On September 1st, Disney Interactive announced that they would be shutting down its Facebook-based social-strategy game MARVEL: AVENGERS ALLIANCE after more than four years of support. This came as quite a shock to many fans, including myself, given both the abruptness of the announcement and how popular the game remained. Now, with less than 48 hours remaining, I can’t help but reflect on the game I dedicated a bit of every day to for such a long time.

I was introduced to the game a little late, somewhere around October of 2012, when content was churning out in full swing and the community was growing rapidly. The gameplay was interesting enough; turn based strategy with all your favorite superheroes, rock-paper-scissors style variety in a class system, four varied abilities for each hero like Pokémon. But throw in a wholly original story, and great artwork? I was hooked immediately– I even joined a Facebook community of people, versed in the lore of both the game and the comic books, assembling to make friends and discuss strategies and metagame. Very involved, very detailed stuff. I also watched the growth of a comprehensive Wikia just for the game!

The player takes the role of a rookie SHIELD agent working as a liaison between the growing crowd of super-heroes and SHIELD (which is already a liaison between the government and superheroes but okay whatever). Your agent is also tasked with investigating the mysterious new Iso-8, a strange energy source that when controlled, vastly increases strength and power. Over time, new gear for your agent that allowed you to go toe-to-toe with some of the nastiest baddies in comic books. In fact, once you found some truly devastating equipment combinations, your Agent could be tailor-made tough enough to take on waves of enemies alone and walk away without a scratch. And as your Agent gained renown in the caped community, new allies would join in the droves. (Or, well, purchased with in-game currency…) Seriously though, droves.


The sheer selection of heroes in Marvel: Avengers Alliance was nothing to sneeze at. Sure, when it started, it only featured about 30 super-heroes. Over the game’s lifespan his roster expanded to a record-setting 166 unique playable characters. That’s more than any Marvel game I’ve come across, and that includes LEGO: Marvel Super-Heroes and LEGO: Marvel’s Avengers, a feat I thought truly impossible. Characters were rolled out regularly, as prizes from completing limited-time missions, Player-vs-Player tournaments, and promotional releases. More than half the characters in the game even had unlockable alternate costumes based on their appearances in the comics and on film, widening the variety of what they can do. It was a veritable completionist’s dream (or nightmare, depending on your outlook) to collect every last variant.

Since Marvel Avengers: Alliance was originally promoted for 2012’s The Avengers film, it should come as no surprise that the game had several “Special Operations” events that followed the material put out by Marvel Studios at the time. These included Thor: The Dark World, Captain America: The Winter Soldier, Agents of SHIELD, Guardians of the Galaxy, Avengers: Age of Ultron, Ant-Man and even Jessica Jones. Periodically, the development team would release these event missions and a slew of alternate costumes to complement and promote the films as well. Timing was everything to a fan of this game, and we never knew what to expect next.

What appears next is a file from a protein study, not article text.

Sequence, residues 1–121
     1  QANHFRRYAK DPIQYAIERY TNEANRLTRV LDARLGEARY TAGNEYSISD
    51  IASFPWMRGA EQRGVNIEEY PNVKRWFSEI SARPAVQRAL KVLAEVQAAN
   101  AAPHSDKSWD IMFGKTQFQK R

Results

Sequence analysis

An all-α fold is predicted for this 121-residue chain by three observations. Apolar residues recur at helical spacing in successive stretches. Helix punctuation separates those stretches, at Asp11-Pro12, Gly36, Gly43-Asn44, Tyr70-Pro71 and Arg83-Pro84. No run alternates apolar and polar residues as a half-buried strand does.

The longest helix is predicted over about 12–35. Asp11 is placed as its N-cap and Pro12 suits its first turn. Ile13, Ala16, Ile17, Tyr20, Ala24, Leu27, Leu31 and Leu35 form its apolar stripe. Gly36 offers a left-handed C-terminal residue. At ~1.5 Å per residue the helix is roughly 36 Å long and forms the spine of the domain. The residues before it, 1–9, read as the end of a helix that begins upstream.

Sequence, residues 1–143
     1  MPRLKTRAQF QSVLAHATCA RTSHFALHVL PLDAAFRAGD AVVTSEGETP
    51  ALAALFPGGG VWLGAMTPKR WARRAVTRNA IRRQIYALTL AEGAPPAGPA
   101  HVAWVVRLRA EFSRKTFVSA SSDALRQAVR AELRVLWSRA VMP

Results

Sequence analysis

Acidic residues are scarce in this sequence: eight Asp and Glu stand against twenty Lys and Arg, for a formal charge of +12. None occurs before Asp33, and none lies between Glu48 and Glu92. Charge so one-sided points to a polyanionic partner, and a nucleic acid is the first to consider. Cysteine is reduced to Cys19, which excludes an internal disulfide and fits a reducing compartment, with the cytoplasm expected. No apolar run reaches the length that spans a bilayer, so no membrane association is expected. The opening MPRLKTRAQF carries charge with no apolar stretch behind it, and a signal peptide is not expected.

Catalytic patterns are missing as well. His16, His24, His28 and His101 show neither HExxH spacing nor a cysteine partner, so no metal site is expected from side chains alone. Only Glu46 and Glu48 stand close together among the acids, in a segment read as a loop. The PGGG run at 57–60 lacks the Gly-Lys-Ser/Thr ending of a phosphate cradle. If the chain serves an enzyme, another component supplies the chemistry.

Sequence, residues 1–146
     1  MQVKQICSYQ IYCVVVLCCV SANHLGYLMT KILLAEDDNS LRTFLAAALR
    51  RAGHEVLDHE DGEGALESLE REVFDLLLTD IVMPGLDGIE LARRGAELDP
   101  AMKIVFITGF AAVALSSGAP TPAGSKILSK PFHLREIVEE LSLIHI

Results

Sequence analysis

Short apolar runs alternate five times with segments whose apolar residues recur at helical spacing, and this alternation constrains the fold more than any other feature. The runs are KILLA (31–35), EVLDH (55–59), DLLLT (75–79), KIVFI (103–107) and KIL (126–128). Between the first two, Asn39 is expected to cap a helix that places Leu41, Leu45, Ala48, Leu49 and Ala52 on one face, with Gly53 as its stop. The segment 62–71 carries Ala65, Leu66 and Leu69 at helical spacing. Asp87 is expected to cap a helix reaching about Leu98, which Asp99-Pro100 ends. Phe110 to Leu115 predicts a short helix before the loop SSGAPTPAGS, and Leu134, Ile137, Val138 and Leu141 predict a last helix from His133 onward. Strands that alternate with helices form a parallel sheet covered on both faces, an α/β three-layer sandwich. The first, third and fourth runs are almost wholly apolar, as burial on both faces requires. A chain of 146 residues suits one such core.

One of my absolute favorite aspects of the game’s storytelling were the twists placed on existing popular storylines. This version of Avengers vs. X-Men featured Jean Grey among the Phoenix Five instead of Namor. The Worthy hammer-wielders from Fear Itself attach themselves to completely new heroes from the comics like She-Hulk, Spider-Woman, and Luke Cage. Even the Horsemen of Apocalypse have changed to feature Beast, Rogue, and Iceman. Avengers Alliance had its own takes on the long-running Incursion storyline, Dark Reign, Avengers Arena, Infinity, Spider-Verse, Black Vortex, and even the then-unreleased Civil War II. The final Spec Ops storyline combined elements of The Thanos Imperative, a fitting end for a game series originally based on the films, now headed towards Avengers: Infinity War.

Marvel: Avengers Alliance was great fun, and an interesting jaunt for a long time, especially when it was my only excuse to still use Facebook. I’ll miss it dearly… well, except for PvP. That was an endless source of frustration every damn month. Still, thank you to all the dedicated staff who worked on the game from start to finish. You made something truly historic that was enjoyed by fans extreme and casual alike. And thanks to my Revengers Reassembled chums– I never would have had any success in this game without your help.

Hey reader! If you’re interested in reading more about the game now that it’s over, check out that Marvel: Avengers Alliance Wiki I mentioned. It’s painstakingly detailed with literally everything featured in the game since day one and remains an invaluable resource.

Until Disney decides to bring back Infinity and M:AA, make mine… well… maybe don’t make mine anything– I can’t have my heart broken a third time!

Get hype!

TV's Casey Stroz

Casey Stroz is your ever-growing compendium of knowledge in the world of comic books and maybe other things.
TV's Casey Stroz
Get hype!